On the 13th of February 2019 Members of the European Parliament (MEPs) tabled a resolution to unify policy and practice regarding the medical use of cannabis.
Could this be a significant step in a move towards coordinated supply and research?
In her early 20s Carly Barton suffered a catastrophic stroke which changed her life forever. With intensive rehabilitation and determination she battled to recover. When she finally reached recovery she found that she was left with Fibromyalgia. Fibromyalgia a neurological condition that is characterised by debilitating joint pain.
Carly found no successful method of relieving the constant pain until recently. Following a lengthy consultation with a chronic pain specialist she became the first person in the UK to be prescribed cannabis following its legalisation for medicinal use on the 1st November 2018.
For Carly and the thousands of others who hope to one day benefit from medical cannabis use, the prescription was not funded by the NHS. She was then faced with a £2,500 bill for a 3 months course of treatment.
It’s not hard to see that those in this situation could be forced to turn to illegal channels when faced with the choice between health and financial hardship.
Medical Cannabis Across the World
Countries across Europe are at different stages of legalisation for medical use and the situation at ground level is even more confused. In the UK, Carly Barton has raised the need for clearer guidelines on when and how doctors prescribe cannabis. Without clear guidance informing common policy the situation is likely to continue to stagnate despite recent progress.
In U.S states, where cannabis has been made legal for medicinal use, the creation of a stable legal supply network has proven crucial to keeping prices down. This prevents patients from having to turn to the black market. In Europe the muddle of policy, research and an unclear definition of medical use is preventing companies expanding into relevant markets.
The Benefits of Cannabis
The 13th of February EU resolution followed the World Health Organisation’s official recommendation that cannabidiol (CBD) found in cannabis should not be classed as a controlled substance.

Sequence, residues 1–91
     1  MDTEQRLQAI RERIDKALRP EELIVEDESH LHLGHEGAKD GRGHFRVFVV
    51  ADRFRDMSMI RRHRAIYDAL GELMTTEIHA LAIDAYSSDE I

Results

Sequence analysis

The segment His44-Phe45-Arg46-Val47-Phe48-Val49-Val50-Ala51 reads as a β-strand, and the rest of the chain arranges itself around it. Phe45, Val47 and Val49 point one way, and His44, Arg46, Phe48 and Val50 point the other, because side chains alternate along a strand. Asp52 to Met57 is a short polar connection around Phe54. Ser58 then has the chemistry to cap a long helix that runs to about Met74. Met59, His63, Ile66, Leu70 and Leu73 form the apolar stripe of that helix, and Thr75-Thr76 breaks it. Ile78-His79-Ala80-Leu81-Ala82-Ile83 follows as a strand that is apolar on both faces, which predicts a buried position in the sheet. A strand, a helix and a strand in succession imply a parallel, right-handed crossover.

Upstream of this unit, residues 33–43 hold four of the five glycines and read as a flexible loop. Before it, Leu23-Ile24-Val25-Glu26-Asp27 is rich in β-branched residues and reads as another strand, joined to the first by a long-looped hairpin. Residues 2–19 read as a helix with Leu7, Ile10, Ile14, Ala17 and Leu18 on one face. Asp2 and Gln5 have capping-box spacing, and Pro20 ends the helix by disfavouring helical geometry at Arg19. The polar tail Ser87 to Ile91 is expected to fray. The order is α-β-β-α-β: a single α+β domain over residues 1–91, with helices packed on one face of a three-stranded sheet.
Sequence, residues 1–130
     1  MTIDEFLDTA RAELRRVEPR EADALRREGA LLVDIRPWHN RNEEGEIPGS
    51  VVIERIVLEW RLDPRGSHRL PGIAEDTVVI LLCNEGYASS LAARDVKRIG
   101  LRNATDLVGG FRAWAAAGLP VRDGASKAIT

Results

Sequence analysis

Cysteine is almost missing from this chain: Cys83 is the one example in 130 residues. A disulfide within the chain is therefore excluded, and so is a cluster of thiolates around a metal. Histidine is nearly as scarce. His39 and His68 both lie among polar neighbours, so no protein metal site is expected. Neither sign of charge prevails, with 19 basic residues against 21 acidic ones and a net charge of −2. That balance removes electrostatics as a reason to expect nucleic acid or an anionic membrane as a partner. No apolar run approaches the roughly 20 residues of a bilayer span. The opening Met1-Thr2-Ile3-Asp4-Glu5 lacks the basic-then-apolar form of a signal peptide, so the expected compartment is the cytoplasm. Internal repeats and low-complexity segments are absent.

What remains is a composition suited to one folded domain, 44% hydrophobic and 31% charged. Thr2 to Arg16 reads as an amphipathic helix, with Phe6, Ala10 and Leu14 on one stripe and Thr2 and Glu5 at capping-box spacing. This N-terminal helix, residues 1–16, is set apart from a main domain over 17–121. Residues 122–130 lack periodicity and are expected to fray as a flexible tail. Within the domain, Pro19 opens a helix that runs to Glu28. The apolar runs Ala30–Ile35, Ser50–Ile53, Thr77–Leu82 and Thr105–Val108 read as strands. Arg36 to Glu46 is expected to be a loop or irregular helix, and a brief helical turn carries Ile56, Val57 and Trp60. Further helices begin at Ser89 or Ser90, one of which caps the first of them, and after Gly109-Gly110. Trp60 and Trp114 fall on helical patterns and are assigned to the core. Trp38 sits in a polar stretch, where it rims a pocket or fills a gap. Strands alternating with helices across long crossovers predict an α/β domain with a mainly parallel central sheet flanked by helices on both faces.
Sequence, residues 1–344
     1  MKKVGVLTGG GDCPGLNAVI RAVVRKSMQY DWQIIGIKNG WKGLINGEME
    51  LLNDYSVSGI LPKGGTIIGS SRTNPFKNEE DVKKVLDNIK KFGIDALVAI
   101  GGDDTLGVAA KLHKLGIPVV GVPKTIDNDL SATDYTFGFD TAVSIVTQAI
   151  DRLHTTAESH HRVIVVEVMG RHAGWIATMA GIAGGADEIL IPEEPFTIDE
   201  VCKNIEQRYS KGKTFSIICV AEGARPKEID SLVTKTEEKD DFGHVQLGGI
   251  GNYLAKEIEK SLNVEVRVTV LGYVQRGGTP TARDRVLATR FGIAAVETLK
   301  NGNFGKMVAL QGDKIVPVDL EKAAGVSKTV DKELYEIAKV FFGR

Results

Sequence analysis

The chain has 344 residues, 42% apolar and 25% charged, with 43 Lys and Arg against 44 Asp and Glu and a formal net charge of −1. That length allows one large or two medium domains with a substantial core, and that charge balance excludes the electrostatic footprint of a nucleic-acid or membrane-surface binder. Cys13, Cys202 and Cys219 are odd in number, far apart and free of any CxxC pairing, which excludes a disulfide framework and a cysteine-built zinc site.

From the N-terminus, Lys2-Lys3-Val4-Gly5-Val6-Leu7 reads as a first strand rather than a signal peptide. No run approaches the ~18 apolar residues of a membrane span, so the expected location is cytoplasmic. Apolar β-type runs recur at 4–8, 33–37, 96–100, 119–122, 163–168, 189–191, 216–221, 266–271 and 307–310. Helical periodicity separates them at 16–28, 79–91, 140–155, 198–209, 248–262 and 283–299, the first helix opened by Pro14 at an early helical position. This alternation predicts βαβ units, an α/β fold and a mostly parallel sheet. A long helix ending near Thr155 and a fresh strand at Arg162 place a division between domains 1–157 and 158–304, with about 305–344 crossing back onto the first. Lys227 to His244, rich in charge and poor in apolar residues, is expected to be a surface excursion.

In their resolution MEP’s raised the possible benefits of cannabis, including improvements in:
- Appetite (for AIDs linked appetite loss)
- Mental health symptoms
- Menstrual pain
MEPs called for a legally recognised definition of medical cannabis and its acceptable use. Also included was a call for properly funded and coordinated research into its use and potential benefits. This would then provide an environment for better information and better products targeted at specific conditions.
The resolution also pointed the way to keeping regulations in place that would protect pregnant women and minors. The aim being to prevent substance abuse and addiction. Medical professionals involved with the research supply and prescription of cannabis would also be controlled by strict rules. Most importantly they call for them to be guided by training and relevant literature.
The Outcomes of the Resolution
While this resolution may feel like progress and it is a significant movement. It is only one step on a much longer journey towards any of these ideas being put into action. This is not a binding resolution, it is a statement of unity and intent.
The action that may result from this resolution could come in two parts. The first is that the prospect of a unified approach to medical cannabis could encourage member states to alter or adapt future policy. It may even be followed by more guidance from MEPs. The second is that lobbyists may be able to use this idea of a unified approach to put pressure on member states who are more reluctant in the move towards medical cannabis use.
What Does it Mean?
The saddest thing about this is that while we crawl slowly towards just the potential of unified and researched medical use of cannabis. There are real people with real conditions who don’t have access to legal and approved products.
An EU led unified approach would mean so much more than the legalisation we saw in the UK last November. Within legal medicinal use in the UK we still have doctors unaware of when or how to prescribe cannabis and when they do it can cost patients thousands that they simply don’t have. Whatever the outcome to Brexit, deal or no deal, a defined and research led approach in Europe would provide an excellent path towards a more informed future for all of us.
This resolution is just MEPs adding their voice to the growing chorus of support for the medical use of cannabis. It could act as an incentive for member states to change policy but it offers no guarantees.
What it does offer is a case for continuing the debate and laying the path for a united way forward. I have no doubt that unity would provide a future in which patients like Carly could get real support. Whether it will happen, is an entirely different matter.